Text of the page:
Dear arbitration practitioners, be precise in specifying the name of an arbitral institution in a contract
With this post we continue the Ukraine – arbitration-friendly jurisdiction set of comments. In our previous posts we already warned arbitration practitioners, attorneys and solicitors who are dealing with drafting arbitration agreements so that they should be precise in specifying the name of an arbitral institution in a contract if the dispute somehow is connected to the Ukrainian jurisdiction. The reason why is that Ukrainian state courts are not trained in favor of arbitration and in many cases do not consider seriously the doctrine of competence-competence in international commercial arbitration.
On October 13, 2010 the Supreme Court of Ukraine ruled in case upon the petition of VKT ARDO LLC against the award of the International Commercial Arbitration Court at the Chamber of Commerce and Industry of Ukraine issued in favor of Аrсеlоrmittal Аmbalaj Сеligі Sanауі ve Тісаrеt Аnоnіm Sіrkеtі against VKT ARDO LLC for app. USD 3 mln. Since I have no interest in that case I believe that I can share my opinion.
Recently we have reached one interesting publication “Enforcement of Arbitration Awards in Russia and Ukraine: Dream or Reality?”, prepared under the auspices of the American Bar Association, Section of International Law and the Center for Continuing Legal Education.
Though I do not completely agree with certain opinions of the authors (in some cases they sound too critically, I think) I recommend to read that material. Not only because some of the authors are my colleagues and acquaintances. The publication is full of practical situations illustrated by cases.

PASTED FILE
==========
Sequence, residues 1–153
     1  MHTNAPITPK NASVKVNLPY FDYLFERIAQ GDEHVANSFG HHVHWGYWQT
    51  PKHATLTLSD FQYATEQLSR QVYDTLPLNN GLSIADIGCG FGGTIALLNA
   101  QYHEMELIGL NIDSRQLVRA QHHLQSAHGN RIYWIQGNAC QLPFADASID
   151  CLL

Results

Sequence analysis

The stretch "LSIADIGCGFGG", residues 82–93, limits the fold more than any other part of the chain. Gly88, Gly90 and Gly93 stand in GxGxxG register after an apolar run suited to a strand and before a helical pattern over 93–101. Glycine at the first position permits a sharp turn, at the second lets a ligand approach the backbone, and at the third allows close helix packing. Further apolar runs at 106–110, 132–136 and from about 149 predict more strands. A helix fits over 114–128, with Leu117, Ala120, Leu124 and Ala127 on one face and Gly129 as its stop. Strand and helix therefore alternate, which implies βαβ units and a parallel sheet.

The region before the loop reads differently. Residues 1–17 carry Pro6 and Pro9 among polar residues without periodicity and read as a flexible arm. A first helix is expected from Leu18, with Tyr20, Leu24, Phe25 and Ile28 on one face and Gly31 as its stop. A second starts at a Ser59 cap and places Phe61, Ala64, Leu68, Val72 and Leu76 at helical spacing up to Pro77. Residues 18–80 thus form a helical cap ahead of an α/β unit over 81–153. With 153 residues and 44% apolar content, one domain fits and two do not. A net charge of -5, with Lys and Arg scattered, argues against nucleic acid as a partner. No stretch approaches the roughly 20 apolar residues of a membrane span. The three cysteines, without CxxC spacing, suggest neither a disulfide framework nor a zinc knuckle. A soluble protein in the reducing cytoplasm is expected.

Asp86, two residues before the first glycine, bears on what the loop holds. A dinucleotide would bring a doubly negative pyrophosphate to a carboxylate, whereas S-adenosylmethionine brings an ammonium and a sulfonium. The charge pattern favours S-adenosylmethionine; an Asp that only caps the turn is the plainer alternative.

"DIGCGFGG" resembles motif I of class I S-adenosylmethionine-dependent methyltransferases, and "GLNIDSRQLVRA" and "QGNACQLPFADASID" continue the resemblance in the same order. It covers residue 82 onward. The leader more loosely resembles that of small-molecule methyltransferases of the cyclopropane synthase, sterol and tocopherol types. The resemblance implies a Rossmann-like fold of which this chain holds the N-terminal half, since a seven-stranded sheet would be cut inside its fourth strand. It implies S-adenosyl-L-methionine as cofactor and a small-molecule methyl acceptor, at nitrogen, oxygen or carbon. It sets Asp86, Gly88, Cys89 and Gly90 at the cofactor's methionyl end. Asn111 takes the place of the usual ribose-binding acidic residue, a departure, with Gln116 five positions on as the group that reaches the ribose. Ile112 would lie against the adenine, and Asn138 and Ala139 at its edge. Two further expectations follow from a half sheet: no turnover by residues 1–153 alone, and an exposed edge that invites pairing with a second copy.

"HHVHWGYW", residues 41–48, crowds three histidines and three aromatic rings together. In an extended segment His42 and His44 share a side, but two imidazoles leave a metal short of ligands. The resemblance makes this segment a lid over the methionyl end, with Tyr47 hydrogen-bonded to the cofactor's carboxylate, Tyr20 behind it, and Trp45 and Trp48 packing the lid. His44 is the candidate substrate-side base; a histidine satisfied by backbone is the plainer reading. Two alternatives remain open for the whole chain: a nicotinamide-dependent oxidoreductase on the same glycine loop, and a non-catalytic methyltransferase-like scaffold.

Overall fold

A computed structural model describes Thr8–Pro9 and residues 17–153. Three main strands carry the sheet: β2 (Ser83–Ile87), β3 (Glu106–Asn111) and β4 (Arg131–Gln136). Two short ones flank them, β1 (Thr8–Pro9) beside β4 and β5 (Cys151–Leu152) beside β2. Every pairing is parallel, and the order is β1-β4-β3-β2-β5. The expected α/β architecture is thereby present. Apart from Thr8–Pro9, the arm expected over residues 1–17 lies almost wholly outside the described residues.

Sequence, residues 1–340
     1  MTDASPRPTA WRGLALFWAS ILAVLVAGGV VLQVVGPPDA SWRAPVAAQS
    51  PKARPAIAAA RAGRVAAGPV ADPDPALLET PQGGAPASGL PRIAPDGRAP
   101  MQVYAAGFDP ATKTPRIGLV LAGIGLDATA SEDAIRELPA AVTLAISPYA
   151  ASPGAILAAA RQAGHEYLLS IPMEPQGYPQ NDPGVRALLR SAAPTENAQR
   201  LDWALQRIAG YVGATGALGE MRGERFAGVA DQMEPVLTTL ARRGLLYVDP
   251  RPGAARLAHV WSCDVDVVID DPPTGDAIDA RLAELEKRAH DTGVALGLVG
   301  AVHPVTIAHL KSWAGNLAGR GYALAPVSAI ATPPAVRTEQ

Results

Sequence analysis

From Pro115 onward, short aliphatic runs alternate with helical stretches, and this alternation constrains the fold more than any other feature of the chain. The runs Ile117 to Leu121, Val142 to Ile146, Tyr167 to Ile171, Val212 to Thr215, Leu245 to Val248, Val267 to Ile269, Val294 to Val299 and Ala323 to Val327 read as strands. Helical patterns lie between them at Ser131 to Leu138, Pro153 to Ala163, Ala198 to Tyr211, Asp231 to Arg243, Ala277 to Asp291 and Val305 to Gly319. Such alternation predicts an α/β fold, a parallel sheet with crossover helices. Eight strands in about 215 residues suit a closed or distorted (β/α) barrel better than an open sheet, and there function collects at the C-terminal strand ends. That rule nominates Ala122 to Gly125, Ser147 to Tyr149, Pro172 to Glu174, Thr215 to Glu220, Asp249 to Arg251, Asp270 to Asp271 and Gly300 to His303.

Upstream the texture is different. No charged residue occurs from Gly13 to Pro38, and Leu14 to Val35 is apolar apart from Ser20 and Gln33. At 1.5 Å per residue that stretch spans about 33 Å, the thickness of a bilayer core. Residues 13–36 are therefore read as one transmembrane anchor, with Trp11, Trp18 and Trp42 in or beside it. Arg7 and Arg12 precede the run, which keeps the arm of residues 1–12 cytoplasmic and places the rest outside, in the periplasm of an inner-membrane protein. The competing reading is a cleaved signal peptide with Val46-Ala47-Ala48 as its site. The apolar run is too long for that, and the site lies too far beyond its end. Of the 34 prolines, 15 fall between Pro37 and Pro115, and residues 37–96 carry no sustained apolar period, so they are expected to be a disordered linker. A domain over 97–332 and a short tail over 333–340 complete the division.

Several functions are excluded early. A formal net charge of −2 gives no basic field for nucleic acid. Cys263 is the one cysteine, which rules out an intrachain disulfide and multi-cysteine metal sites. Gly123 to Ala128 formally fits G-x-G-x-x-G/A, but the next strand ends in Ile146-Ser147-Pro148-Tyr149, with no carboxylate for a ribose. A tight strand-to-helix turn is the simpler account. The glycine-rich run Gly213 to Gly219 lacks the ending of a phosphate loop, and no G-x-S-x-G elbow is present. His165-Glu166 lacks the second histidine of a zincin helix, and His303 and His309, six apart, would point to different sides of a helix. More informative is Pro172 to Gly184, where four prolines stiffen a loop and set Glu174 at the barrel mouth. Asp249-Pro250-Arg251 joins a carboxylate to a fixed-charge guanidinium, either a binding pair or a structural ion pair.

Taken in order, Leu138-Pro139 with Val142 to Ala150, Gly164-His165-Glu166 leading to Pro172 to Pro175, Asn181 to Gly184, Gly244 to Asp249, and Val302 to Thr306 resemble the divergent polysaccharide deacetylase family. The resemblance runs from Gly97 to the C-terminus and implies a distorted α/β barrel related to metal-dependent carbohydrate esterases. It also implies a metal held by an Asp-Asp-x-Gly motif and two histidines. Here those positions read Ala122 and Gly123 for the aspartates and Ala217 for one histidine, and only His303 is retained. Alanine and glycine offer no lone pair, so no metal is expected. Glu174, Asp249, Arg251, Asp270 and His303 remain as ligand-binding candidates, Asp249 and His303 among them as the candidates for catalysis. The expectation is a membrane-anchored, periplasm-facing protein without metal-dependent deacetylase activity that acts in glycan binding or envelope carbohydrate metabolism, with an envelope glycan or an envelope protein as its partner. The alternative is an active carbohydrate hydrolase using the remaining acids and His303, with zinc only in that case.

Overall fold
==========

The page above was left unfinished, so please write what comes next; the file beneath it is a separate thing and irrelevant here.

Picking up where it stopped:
A Paris court of arbitration has provisionally restricted Siemens' actions in joining a partnership with Russia's Rosatom.
This post opens the set of short comments concerning the most common stereotypes related to the advantages and disadvantages of international arbitration as well as other myths related to international arbitration.
Stereotype No 1. Speed and economy
“Arbitration is faster and less expensive than litigation in the courts. Although a complex international dispute may sometimes take a great deal of time and money to resolve, even by arbitration, the limited scope for challenge against arbitral awards, as compared with court judgements, offers a clear advantage. Above all, it helps to ensure that the parties will not subsequently be entangled in a prolonged and costly series of appeals. Furthermore, arbitration offers the parties the flexibility to set up proceedings that can be conducted as quickly and economically as the circumstances allow. In this way, a multi-million dollar ICC arbitration was once completed in just over two months.”
ICC International Court of Arbitration
“Introduction to arbitration. Advantages of arbitration”